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Family fun? How Black Friday became more about the 'sport' than the sales

With deals available all year long, Black Friday has become less about the shopping and more about the family fun. But there are still discounts to be had.
BJ's Wholesale Club members shop on "Black Friday," Nov. 24, in Northborough, Massachusetts.Josh Reynolds / AP

Black Friday retains its status as the biggest shopping day of the year, even though sales are increasingly spread out over a roughly weeklong period that begins before the Thanksgiving turkey is even thawed out.

“The one thing that we’re seeing this year for us is that stretching of the Black Friday-Cyber Monday weekend,” said Lila Snyder, executive vice president of ecommerce at Pitney Bowes. “The jump in sales started as early as Tuesday of this week.”

According to a Thanksgiving Day report from Adobe Analytics, American consumers had spent $1.52 billion online as of 5 p.m. Eastern Time on Thanksgiving Day, an increase of nearly 17 percent over last year, with an average order size of $132, or about 3 percent higher than last year. By the end of the day, that had risen to $2.87 billion, and by 10 a.m. Eastern Time on Black Friday, Adobe recorded $640 million in online sales. A record 61 percent of that traffic came from mobile devices, primarily smartphones.

“Very few people do all of their shopping on Black Friday. With that being said, I think the number of people heading out to go shopping... is a good bellwether for just how the season is going to be,” said Kevin Quigg, chief strategist of asset management firm ACSI Funds. “Just the fact that they're getting up and showing up is a sign for a strong holiday,” he said.

A survey from Deloitte predicted that shoppers would spend an average of $427 between Thanksgiving day and Cyber Monday, an increase of 7 percent over last year.

“It’s Black Friday week… but I don’t want to diminish the power of the day,” said Marshal Cohen, chief industry analyst at The NPD Group. “As much as they’ve done diluting it down, it’s still going to be a big shopping day,” he said.

Black Friday is a good bellwether for just how the season is going to be.

This has had an impact on traffic patterns. While store openings — whether in the afternoon on Thursday or the early hours of the morning on Friday — still attracted crowds, analysts in different parts of the country indicated that the atmosphere was more low key than in prior years Friday morning.

“People were definitely out buying and making it an after-Thanksgiving, after-turkey kind of event,” said Joe Feldman, senior managing director at Telsey Advisory Group. “It’s hard to look at physical foot traffic in the stores and get a read on how the weekend’s going.”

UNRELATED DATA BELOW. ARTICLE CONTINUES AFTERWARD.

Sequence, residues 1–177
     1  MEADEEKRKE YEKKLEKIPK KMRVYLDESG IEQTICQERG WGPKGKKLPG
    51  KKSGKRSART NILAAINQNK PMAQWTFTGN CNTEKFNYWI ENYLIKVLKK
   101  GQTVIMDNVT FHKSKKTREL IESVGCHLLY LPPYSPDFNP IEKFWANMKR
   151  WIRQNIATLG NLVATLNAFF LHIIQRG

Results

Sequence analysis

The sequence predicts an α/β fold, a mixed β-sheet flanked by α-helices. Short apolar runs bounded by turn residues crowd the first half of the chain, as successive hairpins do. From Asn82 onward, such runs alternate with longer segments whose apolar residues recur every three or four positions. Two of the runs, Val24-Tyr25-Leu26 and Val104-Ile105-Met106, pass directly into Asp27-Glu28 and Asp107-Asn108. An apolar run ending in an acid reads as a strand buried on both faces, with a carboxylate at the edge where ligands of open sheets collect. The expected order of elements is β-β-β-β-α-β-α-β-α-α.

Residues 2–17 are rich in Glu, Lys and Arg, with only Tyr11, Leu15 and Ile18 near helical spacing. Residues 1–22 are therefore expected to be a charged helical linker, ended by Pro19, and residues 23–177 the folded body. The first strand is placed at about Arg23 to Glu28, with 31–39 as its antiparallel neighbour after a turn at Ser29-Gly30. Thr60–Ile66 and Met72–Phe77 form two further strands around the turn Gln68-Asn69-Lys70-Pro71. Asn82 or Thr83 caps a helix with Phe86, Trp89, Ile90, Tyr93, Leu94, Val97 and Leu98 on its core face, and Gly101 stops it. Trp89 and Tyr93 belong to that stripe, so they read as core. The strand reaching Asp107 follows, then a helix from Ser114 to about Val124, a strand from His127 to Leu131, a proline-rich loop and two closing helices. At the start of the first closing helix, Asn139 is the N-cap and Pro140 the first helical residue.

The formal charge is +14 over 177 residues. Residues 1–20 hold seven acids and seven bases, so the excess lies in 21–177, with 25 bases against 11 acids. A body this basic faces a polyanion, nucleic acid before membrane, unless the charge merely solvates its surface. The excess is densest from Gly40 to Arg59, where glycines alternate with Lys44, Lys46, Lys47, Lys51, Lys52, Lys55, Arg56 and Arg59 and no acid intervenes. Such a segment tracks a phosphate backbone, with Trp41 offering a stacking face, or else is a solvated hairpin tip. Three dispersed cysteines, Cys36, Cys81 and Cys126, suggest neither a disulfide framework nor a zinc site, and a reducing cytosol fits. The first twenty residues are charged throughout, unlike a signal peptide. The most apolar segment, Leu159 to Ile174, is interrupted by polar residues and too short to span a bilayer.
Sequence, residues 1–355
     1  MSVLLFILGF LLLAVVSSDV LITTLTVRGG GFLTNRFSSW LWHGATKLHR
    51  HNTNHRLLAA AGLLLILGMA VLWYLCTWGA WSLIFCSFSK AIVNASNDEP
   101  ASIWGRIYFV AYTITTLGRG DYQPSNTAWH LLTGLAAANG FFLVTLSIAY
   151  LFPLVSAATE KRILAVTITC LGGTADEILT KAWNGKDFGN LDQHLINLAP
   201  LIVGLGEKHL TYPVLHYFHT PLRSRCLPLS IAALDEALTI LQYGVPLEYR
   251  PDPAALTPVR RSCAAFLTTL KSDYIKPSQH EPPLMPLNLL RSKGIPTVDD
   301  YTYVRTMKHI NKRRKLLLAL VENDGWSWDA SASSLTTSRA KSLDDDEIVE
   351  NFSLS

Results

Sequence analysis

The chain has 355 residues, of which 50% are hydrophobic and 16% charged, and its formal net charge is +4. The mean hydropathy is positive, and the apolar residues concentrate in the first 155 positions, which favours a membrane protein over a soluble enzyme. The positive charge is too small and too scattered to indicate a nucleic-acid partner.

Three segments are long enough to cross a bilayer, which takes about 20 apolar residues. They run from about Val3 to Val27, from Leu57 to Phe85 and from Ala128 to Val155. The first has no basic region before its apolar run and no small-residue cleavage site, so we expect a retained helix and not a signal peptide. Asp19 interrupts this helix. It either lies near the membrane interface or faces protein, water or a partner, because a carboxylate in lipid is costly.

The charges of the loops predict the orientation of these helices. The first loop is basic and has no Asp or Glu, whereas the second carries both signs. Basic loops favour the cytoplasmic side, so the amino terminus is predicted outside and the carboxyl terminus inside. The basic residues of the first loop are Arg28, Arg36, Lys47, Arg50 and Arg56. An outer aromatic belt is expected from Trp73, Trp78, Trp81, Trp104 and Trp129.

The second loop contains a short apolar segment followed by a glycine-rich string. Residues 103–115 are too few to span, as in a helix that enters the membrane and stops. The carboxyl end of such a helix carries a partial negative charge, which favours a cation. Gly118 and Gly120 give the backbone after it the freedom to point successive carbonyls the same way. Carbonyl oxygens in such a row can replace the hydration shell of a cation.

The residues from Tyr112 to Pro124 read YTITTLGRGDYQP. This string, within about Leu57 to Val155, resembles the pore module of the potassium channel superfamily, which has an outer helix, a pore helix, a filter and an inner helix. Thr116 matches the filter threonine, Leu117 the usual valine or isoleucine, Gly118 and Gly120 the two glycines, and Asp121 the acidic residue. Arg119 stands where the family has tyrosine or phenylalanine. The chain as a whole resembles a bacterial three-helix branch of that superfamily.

“This is the year online has become such a big part of the purchasing pattern, there will be traffic but I don’t think you’re going to see as much traffic in stores,” said R.J. Hottovy, consumer equity strategist at Morningstar. “It feels like fewer and fewer people are getting out at the crack of dawn.”

But by midday Friday, retail experts surveying the malls and big-box centers of America found that a quiet early morning seemed only to indicate that shoppers took longer to sleep off those second helpings of stuffing.

“There was a ton of traffic at the mall,” said Frank Layo, managing director at Kurt Salmon, part of Accenture Strategy. “I saw a lot of bags — I saw a lot of department store bags, which I didn’t expect to see,” he said.

“People are definitely starting to come out,” Feldman said. “I’m encouraged that we did see some traffic building through the morning.”

A big reason for Black Friday’s continued appeal is that it has become something of a game, experts say.

“You have people shopping for the sport of it,” Cohen said, who added that crowds in stores tended to thin out about an hour and a half after opening. “It’s really a cross generational thing,” he added, observing that Black Friday, especially since it has crept into Thanksgiving Day evening, has become a family activity.

“Our Accenture point of view is that people are hunting for deals year-round,” said Frank Layo, managing director at Kurt Salmon, part of Accenture Strategy. “People have gameified deal-hunting through websites and apps,” he said.

According to the experts, consumers hunting for deals this Thanksgiving weekend won’t be disappointed. Adobe said it expected the biggest ecommerce discounts of the weekend to occur on Black Friday, with the steepest discounts on TVs, tablets, jewelry and appliances.

Apparel, which some analysts flagged as a category ripe for a comeback, was another area where shoppers could find steep discounts, especially at mall-based chains.

Shoppers are going for brand names this year.

“We knew the deals would be big, but 50 percent off entire stock is kind of surprising,” Layo said.

Target, which made Black Friday sale items available Thanksgiving morning on its website, reported that, by early evening, customers had made nearly three times as many order-pickup purchases as they did for all of Thanksgiving Day last year.

The retailer said popular purchases yesterday included iPads and Apple watches, gaming systems and video games.

Lindsay Sakraida, director of content marketing with DealNews, said brand name deals seem to be a key driver this year. In previous years, “The products were a little more generic in feel,” she said, while retailers this year are offering products like the iPad and Apple Watch, Dyson vacuums and Kitchen-Aid mixers.

“They’re capitalizing on the hype around specific trendy items [and] brands that matter to people,” she said.